[Tutor] Pythonic way to "try a few times, then raise exception"?
jfabiani at yolo.com
Sat Oct 27 01:44:05 CEST 2007
On Friday 26 October 2007 03:17:47 pm Alan Gauld wrote:
> "Allen Fowler" <allen.fowler at yahoo.com> wrote
> > I have a block of code buried deep in a module
> > that I expect to fail periodically.
> > (Calls to other machines over slow network, and such.)
> > Generally, though, trying it a second / third will work.
> > Is there clean way to write this on Python?
> There was a thread on this a few days ago but I can't find it now...
> In general if you only have a few (eg hundreds) things to
> check you can run a loop inside a loop and exit it with break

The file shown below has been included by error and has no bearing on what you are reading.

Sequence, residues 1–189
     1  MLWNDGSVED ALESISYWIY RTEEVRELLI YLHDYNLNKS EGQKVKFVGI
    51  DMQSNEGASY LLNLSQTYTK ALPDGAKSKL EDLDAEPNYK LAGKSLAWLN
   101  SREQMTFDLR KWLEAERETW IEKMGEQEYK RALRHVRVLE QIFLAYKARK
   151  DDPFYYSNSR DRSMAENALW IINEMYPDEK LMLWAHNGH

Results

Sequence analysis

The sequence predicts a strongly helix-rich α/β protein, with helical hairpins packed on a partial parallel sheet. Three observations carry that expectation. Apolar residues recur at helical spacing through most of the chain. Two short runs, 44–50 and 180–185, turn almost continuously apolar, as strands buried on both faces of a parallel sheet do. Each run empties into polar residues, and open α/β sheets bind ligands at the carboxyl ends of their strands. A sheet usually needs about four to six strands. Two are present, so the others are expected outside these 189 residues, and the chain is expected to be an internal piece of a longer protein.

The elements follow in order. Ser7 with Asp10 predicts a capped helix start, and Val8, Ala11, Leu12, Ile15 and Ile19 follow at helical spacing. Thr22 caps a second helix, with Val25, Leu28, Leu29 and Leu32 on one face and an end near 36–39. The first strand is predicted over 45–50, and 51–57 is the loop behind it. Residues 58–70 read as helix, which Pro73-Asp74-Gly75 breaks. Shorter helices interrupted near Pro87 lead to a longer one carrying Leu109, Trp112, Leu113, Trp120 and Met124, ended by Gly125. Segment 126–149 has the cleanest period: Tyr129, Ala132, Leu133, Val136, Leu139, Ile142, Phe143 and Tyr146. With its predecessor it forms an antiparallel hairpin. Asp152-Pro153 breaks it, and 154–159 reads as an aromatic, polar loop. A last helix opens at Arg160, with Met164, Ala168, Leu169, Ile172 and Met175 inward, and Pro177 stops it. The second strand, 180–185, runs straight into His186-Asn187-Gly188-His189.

> if it works. Pdeudo code:
> for item in list:
> for attempt in range(3):
> result = accessItem(item)
> if result == OK: break
> else: sleep(T) # optional pause to regroup if needed...
> else: logError(item)
> But I'm not sure if that's what you count as clean!
> If the volumes being processed it is usually better to
> gather the failures up for seondary processing after
> getting through the successful ones. This is a much
> more efficient way of handling high data volumes.
What about placing the "try" in a function and call the function from a loop
passing the variable to check (computer name). Then each failure will not
cause the app to stop processing. Use a counter in the calling procedure to
the number of attempts.
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